In Ralph Waldo Emerson's famous essay on self-reliance, the 19th-century writer and naturalist sang the praises of spiritual isolation and the evils of distraction, bemoaning the forces that conspired to direct his attention to "emphatic trifles." He would not be cowed, he said, but would stand resolute in the face of such bad influences: "The power men possess to annoy me, I give them by a weak curiosity ... If we cannot at once rise to the sanctities of obedience and faith, let us at least resist our temptations."
Don't tell Ralph about Twitter.
I joined Twitter in 2009 at the urging of my husband, who works in technology. "What am I going to do, tell the internet what I ate for breakfast?" I asked him. Eight years later, I'm the one checking Twitter over my morning toast while he gets ready for work.
The like-minded community I’ve built on Twitter has made confessing anxiety easier than ever, but the comparison Twitter enables has made the experience of anxiety worse.
Twitter has become the place where I get my news, where I check in on my friends, where I go to make jokes and read good essays. As a lifelong sufferer of anxiety, it is where I go to talk about what I’m feeling when I’m anxious, and maybe find some camaraderie. And as a lifelong sufferer of anxiety, using Twitter is also making my anxiety worse. The like-minded community I’ve built on Twitter has made confessing anxiety easier than ever, but the comparison Twitter enables has made the experience of anxiety worse. And when it comes to Twitter, you have to take the good with the bad.
Psychologists typically distinguish between two types of anxiety: trait anxiety, a persistent and lasting tendency to experience fear and worry; and state anxiety, a temporary response of fear to a threatening situation. Many forms of social media can agitate both trait and state anxiety, and perhaps none more so than Twitter, which reminds the perpetually anxious that we always have something to be anxious about and instils a sense of anxiety in even the most laid-back user.
Twitter reminds the perpetually anxious that we always have something to be anxious about and instils a sense of anxiety in even the most laid-back user.
Twitter’s constant flow of new information and the fact that users tend to follow people who are more accomplished and successful than they are creates an especially potent cocktail of comparison for anxious people. "Twitter really inflames my professional anxiety," says Caitlin Cruz, a freelance journalist based in New York. "But it's also given me a lot of professional success." Cruz deleted the Twitter app from her phone a few weeks ago, which she says has made her life more bearable.
Twitter users have to contend with competing voices that yell at you as soon as you log on. You haven't written a best-selling novel yet? Here's a “30 Under 30” list of best-selling novelists! You're over 30? Here's an article about how you're a bad parent! You haven't had children yet? This bestselling author has three, and she's under 30! Twitter is a megaphone for achievements and a magnifying glass for insecurities, and when you start comparing your insecurities with another person's achievements, it's a recipe for anxiety.
The fact that users tend to follow people who are more accomplished and successful than they are creates an especially potent cocktail of comparison for anxious people.
"Generally speaking, the comparisons that we make on social media are more likely to be 'upward' comparisons," says Azadeh Aalai, a professor of psychology at Montgomery College in Maryland. "We're comparing ourselves to the individuals who appear to be higher status and are achieving more" than we are, which can lead to feelings of envy, discontent, and anxiety. It's also not the whole story. When I was young, my mum used to warn me against "comparing my insides to other people's outsides." Using Twitter, I am constantly comparing my insides—my anxieties, fears, and insecurities—with other people's outward selves: their accomplishments, polished selfies, and edited articles.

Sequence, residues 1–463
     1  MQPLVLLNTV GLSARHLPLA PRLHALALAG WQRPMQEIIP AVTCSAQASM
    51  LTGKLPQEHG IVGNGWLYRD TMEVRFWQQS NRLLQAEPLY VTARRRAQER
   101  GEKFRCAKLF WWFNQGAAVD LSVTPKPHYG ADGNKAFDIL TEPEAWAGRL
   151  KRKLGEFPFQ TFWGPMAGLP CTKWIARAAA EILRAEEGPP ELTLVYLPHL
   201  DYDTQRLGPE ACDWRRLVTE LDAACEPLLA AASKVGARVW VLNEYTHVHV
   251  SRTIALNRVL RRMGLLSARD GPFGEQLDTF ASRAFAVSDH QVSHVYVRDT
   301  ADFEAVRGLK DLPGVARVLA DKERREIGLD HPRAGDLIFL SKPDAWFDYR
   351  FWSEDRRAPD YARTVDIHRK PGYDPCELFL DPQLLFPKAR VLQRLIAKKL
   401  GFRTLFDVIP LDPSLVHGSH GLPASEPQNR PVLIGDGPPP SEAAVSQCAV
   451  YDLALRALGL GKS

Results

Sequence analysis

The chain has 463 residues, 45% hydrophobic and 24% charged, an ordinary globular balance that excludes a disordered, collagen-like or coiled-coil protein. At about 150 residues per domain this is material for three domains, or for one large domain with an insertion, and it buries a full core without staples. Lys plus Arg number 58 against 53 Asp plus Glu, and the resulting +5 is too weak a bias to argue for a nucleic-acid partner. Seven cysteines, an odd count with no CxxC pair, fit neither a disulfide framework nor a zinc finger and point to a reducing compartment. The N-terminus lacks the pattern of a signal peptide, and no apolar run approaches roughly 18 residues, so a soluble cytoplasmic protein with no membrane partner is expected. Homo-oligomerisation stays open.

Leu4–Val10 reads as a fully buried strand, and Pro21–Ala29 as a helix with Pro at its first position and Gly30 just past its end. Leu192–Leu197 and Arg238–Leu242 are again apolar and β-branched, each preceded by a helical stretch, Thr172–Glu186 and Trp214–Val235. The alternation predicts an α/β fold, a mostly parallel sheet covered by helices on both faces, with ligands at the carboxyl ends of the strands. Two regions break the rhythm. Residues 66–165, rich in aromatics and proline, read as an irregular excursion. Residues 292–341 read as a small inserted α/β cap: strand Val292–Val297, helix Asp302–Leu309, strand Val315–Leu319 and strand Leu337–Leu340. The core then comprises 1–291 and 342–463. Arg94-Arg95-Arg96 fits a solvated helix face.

There will always be someone who’s doing better than I am in any aspect of my life. And because I, like many people, tend to follow people I admire or who are already famous, I am constantly aware of just how much better other people are. Twitter also gives me a quick and handy way to quantify my worth: this many likes, this many retweets. I'd like to think I'm more than the sum of my followers, but there are plenty of days when I don't feel that way.
Using Twitter, I am constantly comparing my insides—my anxieties, fears, and insecurities—with other people's outward selves: their accomplishments, polished selfies, and edited articles.
Anxiety functions by constantly reminding you to pay attention to it. And so does Twitter. Twitter draws users back for more and more and more. Smartphones are designed to provide instant gratification, and many of Twitter's features depend on our biological fear of scarcity, says Pamela Rutledge, the director of the Media Psychology Research Center. The push notifications, the little number next to our mentions, the bar that tells us how many tweets have been sent since we last refreshed the page—all of these details are designed to keep users coming back, afraid that we might have missed something vital. "Social media doesn't really promote moderation," Aalai says (in what could perhaps be the understatement of the year).
The desire to know what is going on at every moment is quenched when met with the firehose of information that is Twitter. But my anxiety skyrockets when I’m met with the seemingly endless amount of bad news about tragic events going on around the world—ISIS bombings, systemic racism, refugees in crisis, the threat of war, political upheaval. Many Twitter users I surveyed cited feeling powerless in the face of overwhelming fear as one of the biggest causes of their anxiety. Even if it does offer the occasional practical solution—donating to the International Rescue Committee, calling a congressperson, sharing a GoFundMe—Twitter remains dominantly focused on the world's ills in a way that can decimate a person's sense of efficacy and replace it with profound despair.
If Twitter is full of bad news and anxiety-inducing fodder for comparison, why are we there in the first place? Some people, like the writer Lindy West, have left Twitter altogether due to harassment and trolling, while the New York Times columnist Bret Stephens just announced he would leave Twitter because it had become "pornified politics," although he isn't really leaving—"I'll keep my Twitter handle, and hopefully my followers," he wrote, and an editorial assistant will update the profile for him. But the rest of users are there, presumably, because they find some value amid the constant updates and jokes and hot takes. Twitter provides a sense of camaraderie.